EY - A new prescription for market success

5 insights for executives

A new prescription for market success

Using commercial agility to gain market share

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Today’s complex health ecosystem is driven by diverse stakeholders and customers, each with unique challenges and needs.

Time-tested commercial strategies that proved successful in the past no longer fit the jagged edges of today’s health ecosystem.

Gone are the days when prescribers would decide on a course of treatment based solely on their own judgment without considering the preferences of others.

In years past, companies built their business model on “blockbuster” drugs — those that, broadly defined, brought in more than $1 billion a year in revenue. Those drugs became dominant brands, the concept of brands in turn dominated the industry, and highly profitable silos were built.

In recent years, the flow of blockbuster drugs has slowed, lucrative patents have expired, and the focus on cost containment in health care has intensified. In response, leading companies have been shifting their business model to become even more relevant and avoid commoditization.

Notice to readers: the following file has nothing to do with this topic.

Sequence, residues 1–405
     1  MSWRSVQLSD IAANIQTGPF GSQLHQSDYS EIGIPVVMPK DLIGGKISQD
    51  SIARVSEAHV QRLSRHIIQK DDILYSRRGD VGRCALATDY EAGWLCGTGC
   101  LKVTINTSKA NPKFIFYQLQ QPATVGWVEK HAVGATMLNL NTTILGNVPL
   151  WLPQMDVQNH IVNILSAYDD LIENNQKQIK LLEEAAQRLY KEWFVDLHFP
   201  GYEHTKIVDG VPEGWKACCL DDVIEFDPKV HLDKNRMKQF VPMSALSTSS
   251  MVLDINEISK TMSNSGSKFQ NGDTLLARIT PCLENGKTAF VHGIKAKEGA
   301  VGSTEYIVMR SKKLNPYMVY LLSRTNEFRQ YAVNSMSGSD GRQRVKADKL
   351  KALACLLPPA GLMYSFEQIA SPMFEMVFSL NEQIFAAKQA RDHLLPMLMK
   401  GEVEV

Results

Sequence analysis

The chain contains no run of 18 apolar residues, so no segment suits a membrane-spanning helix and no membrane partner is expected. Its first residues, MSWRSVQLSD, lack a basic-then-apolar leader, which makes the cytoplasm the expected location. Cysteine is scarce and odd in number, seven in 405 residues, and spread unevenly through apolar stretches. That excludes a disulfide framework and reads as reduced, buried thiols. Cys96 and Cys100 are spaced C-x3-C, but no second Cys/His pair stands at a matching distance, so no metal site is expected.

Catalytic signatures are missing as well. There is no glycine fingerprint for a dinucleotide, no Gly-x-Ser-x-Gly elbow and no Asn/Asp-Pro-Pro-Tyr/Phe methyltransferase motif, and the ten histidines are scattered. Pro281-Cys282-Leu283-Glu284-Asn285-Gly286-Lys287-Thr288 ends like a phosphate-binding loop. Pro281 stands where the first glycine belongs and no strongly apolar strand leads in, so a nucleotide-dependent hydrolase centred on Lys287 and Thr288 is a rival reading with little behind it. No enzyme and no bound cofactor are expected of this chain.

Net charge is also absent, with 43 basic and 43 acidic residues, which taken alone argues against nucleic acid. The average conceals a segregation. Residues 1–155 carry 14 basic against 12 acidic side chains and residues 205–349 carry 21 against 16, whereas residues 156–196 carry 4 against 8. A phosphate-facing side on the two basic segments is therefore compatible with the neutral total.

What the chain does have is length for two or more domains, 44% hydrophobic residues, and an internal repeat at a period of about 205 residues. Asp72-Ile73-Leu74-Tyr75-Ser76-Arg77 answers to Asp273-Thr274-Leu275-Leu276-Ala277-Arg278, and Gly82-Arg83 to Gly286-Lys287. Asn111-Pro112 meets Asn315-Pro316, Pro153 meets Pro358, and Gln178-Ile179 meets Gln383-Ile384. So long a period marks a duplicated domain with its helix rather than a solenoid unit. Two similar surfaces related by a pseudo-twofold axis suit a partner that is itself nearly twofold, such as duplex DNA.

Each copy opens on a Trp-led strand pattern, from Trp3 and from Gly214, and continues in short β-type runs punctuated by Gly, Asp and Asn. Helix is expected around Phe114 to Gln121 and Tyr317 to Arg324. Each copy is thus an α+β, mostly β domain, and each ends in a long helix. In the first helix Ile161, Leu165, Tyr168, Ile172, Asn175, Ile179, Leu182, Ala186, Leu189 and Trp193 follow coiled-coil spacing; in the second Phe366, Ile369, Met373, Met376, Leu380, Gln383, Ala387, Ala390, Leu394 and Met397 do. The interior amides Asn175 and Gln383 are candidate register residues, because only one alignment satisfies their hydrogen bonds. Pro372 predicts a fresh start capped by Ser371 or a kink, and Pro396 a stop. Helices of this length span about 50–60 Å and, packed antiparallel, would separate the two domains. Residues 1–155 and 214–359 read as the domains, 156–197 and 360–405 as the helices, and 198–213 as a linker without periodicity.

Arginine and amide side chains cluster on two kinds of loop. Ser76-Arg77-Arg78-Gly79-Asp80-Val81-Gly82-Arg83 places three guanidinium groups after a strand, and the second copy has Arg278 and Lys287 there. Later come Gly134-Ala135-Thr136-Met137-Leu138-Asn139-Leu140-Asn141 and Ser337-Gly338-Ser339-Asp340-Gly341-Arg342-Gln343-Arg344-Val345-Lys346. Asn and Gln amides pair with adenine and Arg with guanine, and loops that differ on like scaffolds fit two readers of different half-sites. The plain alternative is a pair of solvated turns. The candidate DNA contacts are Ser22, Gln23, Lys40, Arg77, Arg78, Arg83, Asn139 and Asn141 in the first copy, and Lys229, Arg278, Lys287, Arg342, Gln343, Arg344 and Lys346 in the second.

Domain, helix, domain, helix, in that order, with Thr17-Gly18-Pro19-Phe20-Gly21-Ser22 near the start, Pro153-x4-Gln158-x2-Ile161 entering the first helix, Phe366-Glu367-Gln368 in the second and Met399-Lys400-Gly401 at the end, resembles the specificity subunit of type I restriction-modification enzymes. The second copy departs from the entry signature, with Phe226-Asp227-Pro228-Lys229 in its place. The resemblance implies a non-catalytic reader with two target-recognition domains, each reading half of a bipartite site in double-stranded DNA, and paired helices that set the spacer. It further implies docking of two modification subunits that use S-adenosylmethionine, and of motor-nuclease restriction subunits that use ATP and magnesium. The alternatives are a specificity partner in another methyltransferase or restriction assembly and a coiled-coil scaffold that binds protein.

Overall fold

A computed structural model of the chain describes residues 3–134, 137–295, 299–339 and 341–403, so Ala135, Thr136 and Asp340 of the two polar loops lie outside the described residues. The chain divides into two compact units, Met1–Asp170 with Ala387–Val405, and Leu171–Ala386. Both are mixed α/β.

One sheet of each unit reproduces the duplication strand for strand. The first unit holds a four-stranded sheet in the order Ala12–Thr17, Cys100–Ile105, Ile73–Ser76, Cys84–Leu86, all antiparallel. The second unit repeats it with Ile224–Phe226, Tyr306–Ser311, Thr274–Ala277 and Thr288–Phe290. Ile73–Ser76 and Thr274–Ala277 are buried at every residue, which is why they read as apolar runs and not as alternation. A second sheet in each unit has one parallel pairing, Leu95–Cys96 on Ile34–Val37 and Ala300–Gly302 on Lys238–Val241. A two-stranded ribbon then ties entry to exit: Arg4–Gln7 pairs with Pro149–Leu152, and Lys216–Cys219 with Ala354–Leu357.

The old focus on delivering drugs to the health care system has given way to a focus on delivery of value-added services in support of positive health outcomes, defined as health benefits, both clinical and economic, per dollar spent.

In this shift — from what we call Pharma 1.0 through the building of diversified product lines (Pharma 2.0) to the focus on outcomes (Pharma 3.0) — pharmaceutical companies have found that there is no longer a single point of influence. In Pharma 3.0, patients are more informed, new players are entering the arena, and old roles are changing.

The marketplace has become highly interdependent, and pharmaceutical companies, which find themselves in an unfamiliar and changing landscape, must adapt. They must become commercially agile.

Our series, 5: insights for executives, explores the questions:

 


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